Hello and welcome to Debbie's Reflection. This blog is about my grief journey, spiritualism, healing and everyday life.
I began journaling in 2007 after my 20-year-old son’s death. It was a way for me to release my emotions without being judged. My life was drastically altered after my son’s death. But in a spiritual moment, I realized that I needed to change. Then and there I knew that I had a choice, I could sulk and go down the path to depression or I could live for my son. I chose the latter. I chose to set the path to acceptance, peace, and healing. It was not easy and it doesn’t mean that I no longer cried or felt sad. That’s far from the truth. I had my sad moments and crying bouts but I did not let it define my life. I wanted to live for my son by honoring his memory by doing the things that he wanted to do but could not.
As a grieving mother, I understand the feeling of hopelessness and despair and would love nothing more than to open my heart to others going through this difficult situation. I am in a good place in my grieving process right now. If I could help at least one person reach that place of acceptance, peace, and healing, then I am happy.
I welcome you with open arms to read my story and how I reached the place of acceptance, peace, and healing. I jotted down all my feelings of sadness, anger, happiness, despair and all relating to my grief in a book in memory of my son. The book is titled, "Diary of a Grieving Mother's Heart" and can be found on Amazon.
Thank you for visiting my blog. I hope to keep you coming back for more stories.
I had a dream. It involved my husband and three children. In the dream my children were still young – about 9, 8, and 7 years old. They looked just as they did back then. Richie was just as curious and extrovert, my daughter with her big sweet cheeks and a tremendous appetite even though she was thin, and my youngest was his loving and hyper self. I don’t know what the dream was really about. All I remember was that we were happy to be together and that my husband and I enjoyed watching our children run around, play and then come running to us with big hugs and kisses.
Even though I enjoyed my dream and was happy, I realized that it was just a memory, a beautiful memory that will always live with me. My heart feels partially happy, but there is an inevitable, non-healing hole where sadness seeps through.
The part that Richie took with him when he left this world and that I know will never seal again. Whenever I enjoy a moment of happiness, it becomes bittersweet because my thoughts always turn to, “If only Richie could enjoy this,” or “ Richie would have liked that,” and sadness takes the place of the hole. I can’t patch it up because nobody will ever be able to take his place. I know my two other children and husband feel the same way. We only have our memories to live by. While many say that I should think of the good times we spent with Richie, it doesn’t mean that those memories will make us happy because sadness will immediately follow.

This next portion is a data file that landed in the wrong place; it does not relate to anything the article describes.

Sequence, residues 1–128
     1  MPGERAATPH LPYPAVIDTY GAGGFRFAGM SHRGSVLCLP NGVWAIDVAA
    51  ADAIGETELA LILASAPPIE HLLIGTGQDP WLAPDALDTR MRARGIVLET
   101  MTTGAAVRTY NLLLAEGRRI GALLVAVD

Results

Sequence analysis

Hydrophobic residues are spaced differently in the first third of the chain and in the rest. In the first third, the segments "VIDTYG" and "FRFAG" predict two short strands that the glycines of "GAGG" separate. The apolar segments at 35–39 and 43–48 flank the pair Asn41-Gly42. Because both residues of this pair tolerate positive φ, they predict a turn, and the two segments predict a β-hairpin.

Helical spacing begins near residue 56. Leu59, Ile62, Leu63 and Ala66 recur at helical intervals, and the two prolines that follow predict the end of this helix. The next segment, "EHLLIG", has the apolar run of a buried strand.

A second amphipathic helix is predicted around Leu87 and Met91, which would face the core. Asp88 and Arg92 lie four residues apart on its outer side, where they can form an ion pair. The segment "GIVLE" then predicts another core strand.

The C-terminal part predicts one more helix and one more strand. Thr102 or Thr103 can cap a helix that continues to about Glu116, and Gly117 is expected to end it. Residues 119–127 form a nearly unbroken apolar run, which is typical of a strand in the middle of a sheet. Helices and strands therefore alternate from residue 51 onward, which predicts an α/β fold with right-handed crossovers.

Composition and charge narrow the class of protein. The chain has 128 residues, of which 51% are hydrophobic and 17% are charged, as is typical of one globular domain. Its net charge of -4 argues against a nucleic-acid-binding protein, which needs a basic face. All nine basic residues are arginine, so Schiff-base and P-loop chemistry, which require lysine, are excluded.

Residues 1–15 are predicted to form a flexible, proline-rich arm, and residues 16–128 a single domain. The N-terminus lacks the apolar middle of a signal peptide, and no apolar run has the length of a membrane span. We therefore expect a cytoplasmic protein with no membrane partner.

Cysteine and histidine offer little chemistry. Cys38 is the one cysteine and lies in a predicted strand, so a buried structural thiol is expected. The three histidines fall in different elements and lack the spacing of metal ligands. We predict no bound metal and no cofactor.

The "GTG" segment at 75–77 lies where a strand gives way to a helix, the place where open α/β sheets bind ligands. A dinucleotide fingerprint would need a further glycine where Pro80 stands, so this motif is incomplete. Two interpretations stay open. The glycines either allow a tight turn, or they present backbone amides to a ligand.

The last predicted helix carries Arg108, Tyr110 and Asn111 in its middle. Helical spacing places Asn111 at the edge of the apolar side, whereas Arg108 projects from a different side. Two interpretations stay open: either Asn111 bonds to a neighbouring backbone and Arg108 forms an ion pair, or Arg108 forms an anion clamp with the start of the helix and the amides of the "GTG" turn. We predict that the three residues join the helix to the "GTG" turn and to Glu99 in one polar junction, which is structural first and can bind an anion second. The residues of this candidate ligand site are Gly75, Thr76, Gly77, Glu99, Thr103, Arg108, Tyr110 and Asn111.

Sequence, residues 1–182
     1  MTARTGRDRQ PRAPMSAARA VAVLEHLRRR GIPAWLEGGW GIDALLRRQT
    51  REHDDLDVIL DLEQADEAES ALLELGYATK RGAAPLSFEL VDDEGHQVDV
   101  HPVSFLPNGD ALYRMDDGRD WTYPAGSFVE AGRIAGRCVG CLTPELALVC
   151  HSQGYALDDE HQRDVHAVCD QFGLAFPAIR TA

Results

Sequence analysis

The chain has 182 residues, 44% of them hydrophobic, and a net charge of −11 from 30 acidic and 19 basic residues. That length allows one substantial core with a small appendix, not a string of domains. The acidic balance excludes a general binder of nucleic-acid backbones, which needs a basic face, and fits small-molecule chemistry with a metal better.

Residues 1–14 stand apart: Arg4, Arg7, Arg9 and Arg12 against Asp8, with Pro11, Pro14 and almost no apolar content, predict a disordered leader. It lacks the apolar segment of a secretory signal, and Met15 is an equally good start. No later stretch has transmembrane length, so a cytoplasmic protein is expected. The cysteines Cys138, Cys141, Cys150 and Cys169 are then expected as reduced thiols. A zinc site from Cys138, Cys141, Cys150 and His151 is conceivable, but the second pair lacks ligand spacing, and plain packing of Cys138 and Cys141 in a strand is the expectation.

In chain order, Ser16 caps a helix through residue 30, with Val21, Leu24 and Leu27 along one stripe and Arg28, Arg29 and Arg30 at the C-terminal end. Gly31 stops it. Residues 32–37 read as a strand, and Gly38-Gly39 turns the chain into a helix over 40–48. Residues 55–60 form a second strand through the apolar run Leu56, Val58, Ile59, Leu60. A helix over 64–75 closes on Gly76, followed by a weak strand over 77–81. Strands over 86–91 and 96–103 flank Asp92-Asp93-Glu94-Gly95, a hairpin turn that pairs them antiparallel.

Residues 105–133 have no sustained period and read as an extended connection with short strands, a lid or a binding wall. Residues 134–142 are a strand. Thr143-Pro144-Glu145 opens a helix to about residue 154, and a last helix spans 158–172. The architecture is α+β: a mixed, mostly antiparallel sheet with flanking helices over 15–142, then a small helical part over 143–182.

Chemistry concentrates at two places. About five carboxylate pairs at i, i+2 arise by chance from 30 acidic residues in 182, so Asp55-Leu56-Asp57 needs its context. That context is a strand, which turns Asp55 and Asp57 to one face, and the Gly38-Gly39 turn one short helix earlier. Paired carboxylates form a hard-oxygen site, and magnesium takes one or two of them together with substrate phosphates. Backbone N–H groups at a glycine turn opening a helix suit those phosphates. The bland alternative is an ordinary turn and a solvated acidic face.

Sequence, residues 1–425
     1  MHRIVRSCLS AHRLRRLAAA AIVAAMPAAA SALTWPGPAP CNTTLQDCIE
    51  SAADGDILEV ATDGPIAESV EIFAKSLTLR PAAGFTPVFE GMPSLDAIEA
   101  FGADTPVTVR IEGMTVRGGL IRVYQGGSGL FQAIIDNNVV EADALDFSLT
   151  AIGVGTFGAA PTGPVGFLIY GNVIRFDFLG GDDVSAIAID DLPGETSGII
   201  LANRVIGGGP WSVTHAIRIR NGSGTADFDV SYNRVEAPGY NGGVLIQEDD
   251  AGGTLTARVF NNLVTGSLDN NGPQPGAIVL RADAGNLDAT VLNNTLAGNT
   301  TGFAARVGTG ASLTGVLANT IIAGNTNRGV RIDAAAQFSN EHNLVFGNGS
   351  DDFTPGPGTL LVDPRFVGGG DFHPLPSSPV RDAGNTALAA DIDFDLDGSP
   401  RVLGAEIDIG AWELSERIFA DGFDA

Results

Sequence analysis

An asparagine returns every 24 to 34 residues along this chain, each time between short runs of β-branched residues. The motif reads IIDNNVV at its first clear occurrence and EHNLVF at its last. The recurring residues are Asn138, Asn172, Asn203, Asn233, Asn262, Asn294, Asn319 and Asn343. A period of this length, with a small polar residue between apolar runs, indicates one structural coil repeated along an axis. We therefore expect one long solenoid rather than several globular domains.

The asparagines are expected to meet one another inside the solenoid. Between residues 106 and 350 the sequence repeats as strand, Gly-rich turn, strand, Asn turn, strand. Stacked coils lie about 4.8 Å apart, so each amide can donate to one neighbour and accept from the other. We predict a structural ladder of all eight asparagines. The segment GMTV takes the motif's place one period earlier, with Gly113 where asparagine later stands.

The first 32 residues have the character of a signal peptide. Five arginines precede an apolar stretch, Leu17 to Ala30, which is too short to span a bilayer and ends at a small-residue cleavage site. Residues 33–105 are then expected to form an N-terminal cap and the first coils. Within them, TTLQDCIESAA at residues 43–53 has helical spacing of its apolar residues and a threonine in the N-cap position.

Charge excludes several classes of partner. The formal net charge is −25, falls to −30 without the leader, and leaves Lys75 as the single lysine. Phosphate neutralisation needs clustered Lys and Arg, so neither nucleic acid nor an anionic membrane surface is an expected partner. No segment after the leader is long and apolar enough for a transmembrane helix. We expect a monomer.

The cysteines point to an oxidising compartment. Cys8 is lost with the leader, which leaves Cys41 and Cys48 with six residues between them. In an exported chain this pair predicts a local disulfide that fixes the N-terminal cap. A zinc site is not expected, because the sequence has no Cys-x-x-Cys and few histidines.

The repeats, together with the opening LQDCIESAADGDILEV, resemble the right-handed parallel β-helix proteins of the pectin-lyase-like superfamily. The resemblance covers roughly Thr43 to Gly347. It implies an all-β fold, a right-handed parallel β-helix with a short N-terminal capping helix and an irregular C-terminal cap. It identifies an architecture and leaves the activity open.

I had a dream last night that brought me happiness, but in the end, it also brought me sadness. Even though it’s been more than 10 years, I realize that it doesn’t matter how long it was. My son will always be in my heart, and I will miss him forever.
I often hear about children being bullied in school by their classmates and sometimes among siblings. I never heard about bullying among adults in the workplace. I once experienced a bullying situation among adults – more specifically – elders! I did the bookkeeping for an elderly community some time ago. I’ll call the bullied elder, Jane. Jane was a volunteer at the elderly community. Jane was a sweet, compassionate lady in her 80’s, about 5’ tall, porcelain white skin, beautiful blue eyes and a smile that brightened the office every time she walked in. Jane came in on a weekly basis to help the office manager (the bully which I’ll call OM) with her daily chores. OM was sometimes a sweet elder in her mid 80’s, but most of the time a scornful, perfectionist who was always looking at other’s flaws but never found any within herself.
One day, when I arrived OM was in the office with her abhorrent self. I did not allow OM’s negative attitude to disturb my day. Most of the time I brushed off her comments. Every time a community elder approached the customer service window OM received them with a scornful face. Most would look at me but all I could offer them was an apologetic smile. Many had mentioned to me how rude and obnoxious OM was. Other than let the board know, there was nothing I could really do. OM treated the elders as if they were a plague and had no sympathy for anyone. She seemed to intimidate them and no one dared to stand up for their rights. I didn’t personally know the elders in the community but it did bother me to see OM’s treatment towards them.